Walruses need Sea ice

Walruses Cling to Melting Sea Ice.

By Dr. John J. Hidore

The Rising Temperatures of the Arctic

February 22, 2014—World temperatures are warming at a record rate and the global climate is changing rapidly due to rising temperatures of our planet. Though the planet is warming, the rate at which it is warming is inconsistent from place to place. Temperature changes in the Arctic are taking place faster than anywhere else on the planet. The warming is affecting both the physical and biological character in this region. The most widely known affect is the melting of sea ice. The melting of the sea ice is significant, but the melting has many side effects.

Climate Change and the Walrus

The changing arctic climate has started to change much of the arctic wildlife. Among the species affected is the walrus. Walruses are large marine mammals that may weigh up to 2700 lbs or more. They spend nearly two-thirds of their lives in cold water. A walrus carries large tusks which are used to root out food living on the ocean floor. The tusks are also used to help move around on the slippery ocean floor. Off shore of the land masses surrounding the Arctic Ocean. the ocean floor drops slowly on what is generally referred to as the continental shelf. Beyond the edge of the continental shelf the depth to the ocean floor drops to several thousand feet in places. Walruses mainly feed on the continental shelf in water less than 300 feet deep. They will, however, feed as deep as 600 feet.

Declining Sea Ice

Sea ice plays a critical part in the lives of the walrus. Walruses cannot swim indefinitely like some seals, and must rest between forays searching for prey. They use sea ice as a platform for searching for food and as a place to rest during their annual migration. Females also use the sea ice during the summer as a place to give birth and nurse their infants. When the walruses are on the sea ice they tend to spread out over large areas. In late summer they migrate to warmer waters. In the past they tended to move onto land in late August during their migration. There are two species of walrus in the arctic. One is the Pacific walrus which inhabits the Bering, Chukchi, and Laptev seas. The other is the Atlantic walrus which is found along northeastern Canada and Greenland.

The Arctic region is now the warmest it has been in 40,000 years. The sea ice has melted to record lows. This has limited the area where walrus can haul out on the ice if it melts too far from land. When the sea ice retreats beyond the edge of the continental shelf and over deeper water, instead of hauling out onto the ice, the walruses head for land and congregate.

Walruses: Herding On Land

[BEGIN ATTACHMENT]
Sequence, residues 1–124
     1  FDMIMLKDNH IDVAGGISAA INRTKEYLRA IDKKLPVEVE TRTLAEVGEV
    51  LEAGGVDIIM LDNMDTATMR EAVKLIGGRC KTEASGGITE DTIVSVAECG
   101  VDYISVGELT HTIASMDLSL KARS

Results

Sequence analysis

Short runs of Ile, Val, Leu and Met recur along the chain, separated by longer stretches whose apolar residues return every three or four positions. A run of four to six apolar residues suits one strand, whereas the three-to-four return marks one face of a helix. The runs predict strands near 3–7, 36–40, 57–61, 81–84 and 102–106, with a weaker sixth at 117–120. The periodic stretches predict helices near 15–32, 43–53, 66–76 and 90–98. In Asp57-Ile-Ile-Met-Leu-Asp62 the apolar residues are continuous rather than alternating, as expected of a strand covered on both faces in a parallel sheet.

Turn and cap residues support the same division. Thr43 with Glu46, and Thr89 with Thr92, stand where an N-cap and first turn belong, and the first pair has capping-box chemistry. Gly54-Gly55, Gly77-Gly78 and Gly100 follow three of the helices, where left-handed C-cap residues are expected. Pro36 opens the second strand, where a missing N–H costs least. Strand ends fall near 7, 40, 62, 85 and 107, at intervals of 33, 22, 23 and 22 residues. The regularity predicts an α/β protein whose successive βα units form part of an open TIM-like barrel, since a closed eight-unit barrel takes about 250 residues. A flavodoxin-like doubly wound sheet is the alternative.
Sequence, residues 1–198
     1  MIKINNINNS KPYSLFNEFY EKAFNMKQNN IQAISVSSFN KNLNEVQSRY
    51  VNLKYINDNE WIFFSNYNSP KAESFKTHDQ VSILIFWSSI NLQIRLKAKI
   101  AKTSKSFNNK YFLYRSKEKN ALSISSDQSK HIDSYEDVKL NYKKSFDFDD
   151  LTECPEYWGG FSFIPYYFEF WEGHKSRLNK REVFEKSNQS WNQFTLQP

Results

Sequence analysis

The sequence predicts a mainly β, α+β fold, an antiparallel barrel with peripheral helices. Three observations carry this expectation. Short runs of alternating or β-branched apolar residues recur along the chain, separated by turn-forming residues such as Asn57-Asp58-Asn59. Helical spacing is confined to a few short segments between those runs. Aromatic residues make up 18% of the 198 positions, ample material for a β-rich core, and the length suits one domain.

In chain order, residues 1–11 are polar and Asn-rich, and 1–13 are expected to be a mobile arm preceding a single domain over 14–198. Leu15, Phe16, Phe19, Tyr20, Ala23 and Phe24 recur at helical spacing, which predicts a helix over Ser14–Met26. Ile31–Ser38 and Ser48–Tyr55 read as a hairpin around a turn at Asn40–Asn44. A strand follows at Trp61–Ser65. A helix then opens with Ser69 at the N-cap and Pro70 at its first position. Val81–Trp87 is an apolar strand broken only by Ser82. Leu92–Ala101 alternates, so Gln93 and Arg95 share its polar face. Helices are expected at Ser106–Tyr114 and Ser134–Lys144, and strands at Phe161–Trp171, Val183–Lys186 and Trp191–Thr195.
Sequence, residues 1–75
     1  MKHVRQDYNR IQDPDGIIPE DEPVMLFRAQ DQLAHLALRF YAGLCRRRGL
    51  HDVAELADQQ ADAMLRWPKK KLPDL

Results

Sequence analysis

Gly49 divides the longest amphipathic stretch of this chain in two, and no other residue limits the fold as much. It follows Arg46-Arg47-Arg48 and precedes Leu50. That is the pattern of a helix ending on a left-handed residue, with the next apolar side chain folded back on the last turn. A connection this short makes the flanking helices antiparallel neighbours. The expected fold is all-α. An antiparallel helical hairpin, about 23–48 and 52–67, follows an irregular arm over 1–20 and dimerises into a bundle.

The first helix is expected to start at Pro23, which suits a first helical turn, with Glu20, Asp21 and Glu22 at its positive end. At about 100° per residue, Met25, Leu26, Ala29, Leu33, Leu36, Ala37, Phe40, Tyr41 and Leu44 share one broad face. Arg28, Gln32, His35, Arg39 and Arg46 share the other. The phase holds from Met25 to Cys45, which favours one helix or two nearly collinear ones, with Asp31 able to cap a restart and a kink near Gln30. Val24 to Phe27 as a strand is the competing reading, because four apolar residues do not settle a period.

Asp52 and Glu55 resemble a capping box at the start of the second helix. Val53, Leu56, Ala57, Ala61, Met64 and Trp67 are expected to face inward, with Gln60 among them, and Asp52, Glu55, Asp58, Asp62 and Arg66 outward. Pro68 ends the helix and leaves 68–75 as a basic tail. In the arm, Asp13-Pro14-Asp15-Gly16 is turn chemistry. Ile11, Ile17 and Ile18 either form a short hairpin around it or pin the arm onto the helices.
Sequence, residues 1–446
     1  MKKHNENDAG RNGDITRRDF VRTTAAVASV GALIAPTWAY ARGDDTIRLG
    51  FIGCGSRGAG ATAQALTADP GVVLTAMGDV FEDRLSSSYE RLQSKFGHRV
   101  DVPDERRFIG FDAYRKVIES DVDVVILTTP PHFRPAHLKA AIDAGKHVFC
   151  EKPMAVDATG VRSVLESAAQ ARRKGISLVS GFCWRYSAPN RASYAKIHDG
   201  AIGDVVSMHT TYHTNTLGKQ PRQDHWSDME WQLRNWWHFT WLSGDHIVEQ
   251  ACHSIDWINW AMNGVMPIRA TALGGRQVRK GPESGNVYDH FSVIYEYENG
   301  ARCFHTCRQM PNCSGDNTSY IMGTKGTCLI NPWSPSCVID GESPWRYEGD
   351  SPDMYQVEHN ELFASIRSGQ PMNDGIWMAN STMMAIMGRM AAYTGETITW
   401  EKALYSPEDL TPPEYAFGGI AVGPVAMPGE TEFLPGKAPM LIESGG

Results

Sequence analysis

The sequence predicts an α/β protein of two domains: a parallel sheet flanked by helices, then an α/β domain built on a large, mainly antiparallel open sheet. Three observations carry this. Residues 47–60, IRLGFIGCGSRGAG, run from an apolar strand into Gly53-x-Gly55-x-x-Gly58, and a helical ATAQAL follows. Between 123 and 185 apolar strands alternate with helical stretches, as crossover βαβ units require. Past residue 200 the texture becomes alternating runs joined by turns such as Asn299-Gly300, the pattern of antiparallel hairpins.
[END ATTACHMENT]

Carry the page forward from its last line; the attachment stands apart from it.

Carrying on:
Huge gatherings of Pacific walrus have taken place in the last decade. In 2007, an estimated 6,000 walruses gathered along the Alaskan coast. In the fall of 2008, few walruses came on shore as some sea ice remained near shore. In September of 2009, some 3,500 Walruses were near Icy Cape on the Chuckchi Sea 140 miles southwest of Barrow. In 2011, some 30,000 congregated on a beach about a mile long. Large numbers of walruses have also been seen on shore at Cape Lisbourne. Large congregations have occurred in the years since. The same phenomenon is taking place on the Arctic coast of Russia near the Chukchi sea. Herds of tens of thousands were gathering on this coast. Near Point Schmidt, a herd of some 40,000 was sighted. The total population of Pacific walrus is not known, but estimates place it at about 200,000.

The large herds on land are a threat to the walruses. The threat comes from several sources. One is that they tend to stampede when some unusual event startles them. Individuals are often killed during the stampede. Russian biologists reported several thousand, mostly young, were crushed to death in one stampede. For example, noise from hunting weapons and polar bear attacks can cause a stampede. Pilots of small, low flying aircraft are being warned to stay away from the herds as the noise can cause them to stampede. Large gatherings in a limited space also are more favorable for the outbreak of disease. The concentration of such large numbers also has a severe effect on the clam population offshore from the herds. This extensive harvesting may result in an unsustainable population of their food supply.

The decline of sea ice and the changing environment are not only a threat to the walrus population but serve as further evidence of a warming planet. Biologists are asking for the walrus to be declared an endangered species since the outcome of declining sea ice on the species is not yet clear.